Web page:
Expat job hunt: How to find jobs in Turkey

Expat job hunt: How to find jobs in Turkey

Moving to a new country and starting from scratch is never easy, but the hardest part is finding a job, which can be challenging but manageable with a little help

It is a hard task to start a new life abroad and even harder to find a job to sustain yourself in a country where you are not familiar with its culture and language. Turkey, being a bridge between the East and West and blessed with incredible natural and historical beauty, is a hot spot for expats who want to experience living in a new country as well as starting a new life.

When starting a new life in a new country, the daunting part is to find a job that meets your requirements. To get the inside scoop about expat job hunting in Turkey, I talked to Tarık from Yabangee, an English community platform for foreigners and English speakers in Turkey, composed of members of many nationalities. He admits that finding a job is often the toughest part for expats, and they usually apply for jobs that only require the knowledge of a foreign language, such as teaching positions, tourism and sales positions where the clientele is foreign, or tech companies where they’re trying to break into foreign markets.

But what should expats do to snag the right position? Although there are several online HR sites, expats have to be more diverse. “For example, our ‘jobs’ section on Yabangee is the most popular section of the site even though we only list a few job positions every month,” says Tarık. “Word of mouth, Facebook groups, etc. are generally pretty useful,” he adds.

According to Turkish law, a foreigner has to get a temporary work permit to get and start a job in Turkey. However, the application for the work permit can only be carried out by the company where the expat wants to work. In other words, expats cannot apply for a work permit by themselves in Turkey. There are two ways to apply for a work permit: For those who have at least a six-month residency permit, the company directly applies to the Ministry of Labor and Social Security online via “e-devlet.” If the expat does not have a residency permit, the company has to apply to the Turkish Embassy in the country where the expat has a residency permit.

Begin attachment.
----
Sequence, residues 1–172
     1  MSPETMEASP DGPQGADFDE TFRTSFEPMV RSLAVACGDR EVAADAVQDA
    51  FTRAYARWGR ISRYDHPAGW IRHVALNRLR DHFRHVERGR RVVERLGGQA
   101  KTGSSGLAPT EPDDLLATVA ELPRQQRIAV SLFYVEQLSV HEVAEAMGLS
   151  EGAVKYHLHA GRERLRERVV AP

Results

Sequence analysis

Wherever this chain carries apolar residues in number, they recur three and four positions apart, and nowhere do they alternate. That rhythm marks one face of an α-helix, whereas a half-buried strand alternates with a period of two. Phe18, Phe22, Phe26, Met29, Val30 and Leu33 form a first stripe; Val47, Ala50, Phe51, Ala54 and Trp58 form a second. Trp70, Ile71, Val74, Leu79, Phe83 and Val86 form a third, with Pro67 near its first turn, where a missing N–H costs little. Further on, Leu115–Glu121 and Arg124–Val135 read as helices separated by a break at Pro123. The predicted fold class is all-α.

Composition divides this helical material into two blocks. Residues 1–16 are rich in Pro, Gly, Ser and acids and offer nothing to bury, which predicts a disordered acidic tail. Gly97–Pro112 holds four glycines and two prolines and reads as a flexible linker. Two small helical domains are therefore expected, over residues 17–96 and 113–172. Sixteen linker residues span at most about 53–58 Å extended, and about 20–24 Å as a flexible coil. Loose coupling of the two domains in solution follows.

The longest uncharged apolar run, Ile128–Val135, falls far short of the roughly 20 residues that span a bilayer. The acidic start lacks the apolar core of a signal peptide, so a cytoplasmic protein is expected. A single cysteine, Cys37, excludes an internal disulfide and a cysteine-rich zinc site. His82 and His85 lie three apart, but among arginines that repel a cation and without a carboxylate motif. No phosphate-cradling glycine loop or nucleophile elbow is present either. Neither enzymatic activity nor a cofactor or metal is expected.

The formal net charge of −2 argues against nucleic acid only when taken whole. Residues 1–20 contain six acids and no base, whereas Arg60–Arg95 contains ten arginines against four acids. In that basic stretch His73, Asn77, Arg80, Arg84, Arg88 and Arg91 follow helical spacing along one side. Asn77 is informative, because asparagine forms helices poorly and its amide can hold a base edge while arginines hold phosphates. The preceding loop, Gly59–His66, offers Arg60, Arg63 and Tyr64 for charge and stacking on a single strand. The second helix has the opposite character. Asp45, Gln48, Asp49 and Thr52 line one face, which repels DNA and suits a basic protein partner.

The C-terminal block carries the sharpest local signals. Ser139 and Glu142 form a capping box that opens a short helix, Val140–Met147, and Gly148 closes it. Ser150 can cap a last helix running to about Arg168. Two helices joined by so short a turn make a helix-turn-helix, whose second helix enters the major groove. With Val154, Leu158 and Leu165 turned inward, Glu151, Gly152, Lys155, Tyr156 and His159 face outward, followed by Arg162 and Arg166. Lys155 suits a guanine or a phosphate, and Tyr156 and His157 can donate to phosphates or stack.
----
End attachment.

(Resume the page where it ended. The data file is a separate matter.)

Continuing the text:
Although the application for the work permit is online, it still requires a lot of time due to bureaucracy. “So typically, unless it’s a very well-established school/company – they [the company] don’t offer one,” says Tarık when asked whether the companies are willing to take up all the responsibility for a work permit in Turkey when they hire an expat. Yabangee features a section for expats hunting for jobs, but their main focus is more outside the job realm. Finding a neighborhood they like, finding a flat, getting set up, shopping tips, language guides on specific interactions – getting a haircut for example, event listings and cultural tips are what Yabangee is more interested. Yet, they still help expats find jobs and help them after.

“We try to help our audience find them of course via our listings. We also of course offer help if things turn really bad. We connect them with a lawyer if their rights were violated or if they have questions regarding a contract, and so forth,” Tarık says.

Is knowing Turkish a plus?

“Yes, definitely,” says Tarık. “Not just in work, but of course in their daily life. At the very least it provides for a better work culture for the expat – being able to participate in meetings, understanding what others are gossiping about, what does this thing they want you to sign really mean, etc,” he adds. However, whether an expat knows Turkish or not, it is hard to start a new job and adjust to the environment. “Honestly, it depends on the expat,” says Tarık when I asked if expats have problems in their work place and how they adjust. “There are the types who are fairly laid back and willing to deal with everything as it comes – understanding things will be different, and these types do pretty well.

Then there are also the types who expect a certain level of organization or for the administration to function like it does in their home country… and even if they stay in Turkey and continue to work, take on a lot of extra stress as a result of work. These are huge generalizations of course but they are the two main camps of experiences I’ve seen,” Tarık adds.


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